Undercover Findings 

Memphis Animal Services employee still on the job after kicking a dog.

The same Memphis Police Department (MPD) undercover report that netted former Memphis Animal Services (MAS) employees Frank Lightfoot, Billy Stewart, and Archie Elliot on animal cruelty charges for stomping on cats, strangling dogs, and delivering fatal euthanasia injections straight into animals' hearts in late 2011 and early 2012 names a fourth MAS employee who still works at the facility.

That employee, Glenn Andrews, at that time an interim kennel supervisor, has since been promoted to the role of field supervisor, meaning he oversees the animal control officers. Andrews wasn't involved in the euthanasia room abuses that Lightfoot, Elliot, and Stewart were charged and convicted of. But the undercover MPD officer working as an animal technician at that time, noted in his report that, on January 4, 2012, Andrews kicked a terrier in the MAS break room, and as the report notes, "the dog wept" as it scurried out of the break room.

"[The undercover officer] observed a foster dog by the name of Penelope, which was in the care of MAS shelter supervisor Glenn Andrews, walking around in the MAS break room," reads the report. "Glenn Andrews tells the dog named Penelope to come with him. As the dog continued to play and roam around freely, Glenn Andrews appeared to become irritated with the dog's disregard in his command. Glenn Andrews then walked over to the dog, kicked the dog in the butt with his foot, and stated, 'Bring your ass on here bitch.'"

MAS Administrator James Rogers, who was hired in February 2012, had not yet begun working at the shelter at the time of the undercover investigation. But Rogers said Andrews has been disciplined for the incident and "that is behind us." When asked how MAS handles employees who harm the animals in their care, Rogers didn't give specifics.

"We deal with these things very severely. I can tolerate an employee being late or failing to do part of his job," Rogers said. "But what will not be tolerated is the abuse of a defenseless animal. That will not happen."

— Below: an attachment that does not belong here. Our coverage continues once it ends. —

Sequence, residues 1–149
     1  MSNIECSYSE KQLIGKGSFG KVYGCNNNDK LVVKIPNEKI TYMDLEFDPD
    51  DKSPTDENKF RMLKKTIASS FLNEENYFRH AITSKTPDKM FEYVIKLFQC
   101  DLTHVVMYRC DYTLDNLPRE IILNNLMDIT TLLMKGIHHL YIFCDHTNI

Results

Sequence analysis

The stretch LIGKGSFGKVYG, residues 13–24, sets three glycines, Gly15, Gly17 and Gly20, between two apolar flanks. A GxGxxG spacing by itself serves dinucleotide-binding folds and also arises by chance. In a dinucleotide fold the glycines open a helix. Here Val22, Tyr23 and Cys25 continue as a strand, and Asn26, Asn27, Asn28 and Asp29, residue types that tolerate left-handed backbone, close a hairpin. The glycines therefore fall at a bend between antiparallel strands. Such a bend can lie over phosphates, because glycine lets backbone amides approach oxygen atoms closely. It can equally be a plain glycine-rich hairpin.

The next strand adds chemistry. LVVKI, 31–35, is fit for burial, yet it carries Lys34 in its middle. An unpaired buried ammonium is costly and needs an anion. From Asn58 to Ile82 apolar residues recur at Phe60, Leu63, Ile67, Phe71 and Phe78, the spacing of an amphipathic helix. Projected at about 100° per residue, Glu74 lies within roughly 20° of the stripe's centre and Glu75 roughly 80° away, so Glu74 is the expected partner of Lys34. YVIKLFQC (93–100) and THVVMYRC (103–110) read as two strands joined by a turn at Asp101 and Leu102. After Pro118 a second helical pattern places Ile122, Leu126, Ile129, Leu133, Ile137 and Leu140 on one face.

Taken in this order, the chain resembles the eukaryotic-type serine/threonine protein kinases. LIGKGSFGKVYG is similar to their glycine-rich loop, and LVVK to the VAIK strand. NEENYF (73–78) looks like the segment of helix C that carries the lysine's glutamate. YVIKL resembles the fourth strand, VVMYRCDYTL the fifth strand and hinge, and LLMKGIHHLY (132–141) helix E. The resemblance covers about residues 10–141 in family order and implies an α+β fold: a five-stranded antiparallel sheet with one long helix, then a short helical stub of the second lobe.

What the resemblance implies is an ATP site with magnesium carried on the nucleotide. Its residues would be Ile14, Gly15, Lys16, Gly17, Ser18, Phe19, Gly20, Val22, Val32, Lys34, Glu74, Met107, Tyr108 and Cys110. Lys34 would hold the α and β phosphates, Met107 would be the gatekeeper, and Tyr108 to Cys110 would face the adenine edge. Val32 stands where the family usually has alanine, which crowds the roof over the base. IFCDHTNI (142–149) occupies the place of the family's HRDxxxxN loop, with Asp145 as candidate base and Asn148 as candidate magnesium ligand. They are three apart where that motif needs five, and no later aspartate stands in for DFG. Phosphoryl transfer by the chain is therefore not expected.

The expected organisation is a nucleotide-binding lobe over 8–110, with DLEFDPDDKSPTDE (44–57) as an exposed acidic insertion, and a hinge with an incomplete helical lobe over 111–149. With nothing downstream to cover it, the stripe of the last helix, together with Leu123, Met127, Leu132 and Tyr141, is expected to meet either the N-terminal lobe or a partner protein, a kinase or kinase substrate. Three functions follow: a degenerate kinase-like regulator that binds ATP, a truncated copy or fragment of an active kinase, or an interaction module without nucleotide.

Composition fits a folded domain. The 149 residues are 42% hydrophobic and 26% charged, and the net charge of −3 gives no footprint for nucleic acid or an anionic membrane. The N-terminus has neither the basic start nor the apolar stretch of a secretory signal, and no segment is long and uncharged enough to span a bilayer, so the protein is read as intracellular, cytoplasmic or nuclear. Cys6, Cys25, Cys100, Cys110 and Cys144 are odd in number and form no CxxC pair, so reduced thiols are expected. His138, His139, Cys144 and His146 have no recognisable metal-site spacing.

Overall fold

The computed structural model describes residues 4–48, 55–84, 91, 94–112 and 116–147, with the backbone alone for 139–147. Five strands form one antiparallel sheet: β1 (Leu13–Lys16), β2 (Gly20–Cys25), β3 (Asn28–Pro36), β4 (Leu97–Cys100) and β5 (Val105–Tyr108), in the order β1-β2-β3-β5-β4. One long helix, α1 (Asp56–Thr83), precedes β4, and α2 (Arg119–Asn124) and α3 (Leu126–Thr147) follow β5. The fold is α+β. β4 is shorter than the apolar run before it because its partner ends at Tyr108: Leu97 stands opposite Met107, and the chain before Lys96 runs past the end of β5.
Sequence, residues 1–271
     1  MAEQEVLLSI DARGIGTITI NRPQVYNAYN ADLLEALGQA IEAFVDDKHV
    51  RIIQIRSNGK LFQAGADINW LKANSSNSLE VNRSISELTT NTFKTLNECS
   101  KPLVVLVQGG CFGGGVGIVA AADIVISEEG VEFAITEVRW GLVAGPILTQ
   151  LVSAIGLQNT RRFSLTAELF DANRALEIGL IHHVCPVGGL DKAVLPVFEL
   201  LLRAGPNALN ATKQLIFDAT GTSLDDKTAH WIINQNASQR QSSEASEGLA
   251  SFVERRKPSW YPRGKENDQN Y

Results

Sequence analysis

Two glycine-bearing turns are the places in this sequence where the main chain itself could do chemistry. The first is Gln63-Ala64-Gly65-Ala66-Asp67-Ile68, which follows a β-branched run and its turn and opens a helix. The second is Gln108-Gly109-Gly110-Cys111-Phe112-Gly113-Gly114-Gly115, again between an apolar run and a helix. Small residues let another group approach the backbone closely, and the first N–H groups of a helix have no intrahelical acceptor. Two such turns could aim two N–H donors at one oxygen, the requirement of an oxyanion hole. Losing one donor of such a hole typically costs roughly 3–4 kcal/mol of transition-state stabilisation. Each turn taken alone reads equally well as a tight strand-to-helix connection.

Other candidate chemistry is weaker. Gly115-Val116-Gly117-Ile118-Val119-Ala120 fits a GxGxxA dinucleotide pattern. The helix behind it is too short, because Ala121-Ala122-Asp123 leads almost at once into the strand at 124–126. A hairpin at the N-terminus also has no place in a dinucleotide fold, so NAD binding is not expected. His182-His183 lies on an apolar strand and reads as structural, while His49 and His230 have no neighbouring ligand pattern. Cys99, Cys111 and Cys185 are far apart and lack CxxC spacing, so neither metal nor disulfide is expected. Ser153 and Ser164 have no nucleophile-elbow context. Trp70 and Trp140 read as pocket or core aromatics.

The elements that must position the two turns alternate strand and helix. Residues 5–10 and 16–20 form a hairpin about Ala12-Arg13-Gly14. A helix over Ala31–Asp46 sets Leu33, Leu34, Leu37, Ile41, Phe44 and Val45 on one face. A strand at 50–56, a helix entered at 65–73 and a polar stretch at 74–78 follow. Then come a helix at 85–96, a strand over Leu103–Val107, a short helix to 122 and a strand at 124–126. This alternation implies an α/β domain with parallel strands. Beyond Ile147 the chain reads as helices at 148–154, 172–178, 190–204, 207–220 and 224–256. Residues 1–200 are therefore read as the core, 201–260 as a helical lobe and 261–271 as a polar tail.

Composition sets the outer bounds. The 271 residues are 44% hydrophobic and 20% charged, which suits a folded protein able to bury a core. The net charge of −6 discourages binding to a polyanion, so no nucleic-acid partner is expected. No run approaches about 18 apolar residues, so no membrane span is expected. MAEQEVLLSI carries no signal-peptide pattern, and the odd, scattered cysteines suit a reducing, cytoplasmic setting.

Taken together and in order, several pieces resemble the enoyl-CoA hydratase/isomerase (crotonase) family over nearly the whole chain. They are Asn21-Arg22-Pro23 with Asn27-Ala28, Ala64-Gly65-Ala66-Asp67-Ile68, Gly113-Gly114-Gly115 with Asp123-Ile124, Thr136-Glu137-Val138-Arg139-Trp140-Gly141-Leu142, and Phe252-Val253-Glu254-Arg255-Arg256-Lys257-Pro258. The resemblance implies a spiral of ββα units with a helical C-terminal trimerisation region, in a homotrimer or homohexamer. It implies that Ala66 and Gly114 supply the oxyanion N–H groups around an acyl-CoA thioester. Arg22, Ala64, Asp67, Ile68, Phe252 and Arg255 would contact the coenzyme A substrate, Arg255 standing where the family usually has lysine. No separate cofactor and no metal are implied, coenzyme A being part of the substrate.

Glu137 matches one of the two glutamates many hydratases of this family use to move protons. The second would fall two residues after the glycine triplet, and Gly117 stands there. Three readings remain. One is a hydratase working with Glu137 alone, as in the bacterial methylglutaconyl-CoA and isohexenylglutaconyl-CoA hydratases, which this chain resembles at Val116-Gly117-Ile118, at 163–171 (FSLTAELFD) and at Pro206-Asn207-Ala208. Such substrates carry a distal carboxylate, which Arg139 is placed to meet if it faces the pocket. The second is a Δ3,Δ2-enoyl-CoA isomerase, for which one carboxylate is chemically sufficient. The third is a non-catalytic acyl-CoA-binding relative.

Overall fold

"I am shocked at this report," said Jan Courtney, a member of Save Our Shelter, a group dedicated to reforming MAS. Although the report was made in 2011 and 2012, it has only recently come to light. "I've met Glenn a few times and never dreamed he was the same Glenn Andrews that I read about in the undercover agent's report."

Andrews is also named in the undercover officer's report for not following protocol with regard to allowing MAS employees to foster animals. On numerous occasions in the report, Andrews is observed allowing employees to take animals home without documenting the terms of fostering or the conditions of their return. MAS has strict policies in place about who can foster, only fostering one animal at a time, and when the animal must be returned.

"Glenn was letting employees take dogs home, and over and over again in the report, it says that there is no follow-up as to what happened to these dogs. These dogs could have been sold as non-aggressive bait dogs in dog-fighting rings. There's no follow-up," Courtney said. These incidents occurred around the same time the Memphis Rotary Club released a report stating that some MAS employees had ties to dog-fighting.

On one occasion, the undercover officer watched Andrews load two pit bull puppies into his car and drive away. Another time, an employee named Mario who had taken home a pit bull, told the undercover officer "I just talked to Glenn about it, and he let me get it."

Rogers said he couldn't comment on the status of animals that were held at MAS before his time as administrator. But he admitted, from reading the undercover report, that it looked as though foster polices were not followed.

"From reading the report, I think it's tragic and unfortunate and horrific about what happened then," Rogers said. "I think people just weren't aware of policies and procedures. I have held trainings to make sure employees are aware of these policies and procedures to make sure these types of mistakes don't happen again. And if they do, they will be held accountable."

Courtney and other members of the animal advocacy community have said they'd like to see Andrews fired. But Rogers, who promoted Andrews to field supervisor a few months ago, said he hasn't had any problems with Andrews during his time as shelter administrator.

"The kicking event happened before I got here. His behavior, his work ethic has shown that he does love the animals," Rogers said. "He cares about the animals, and that's all I want to say about that."

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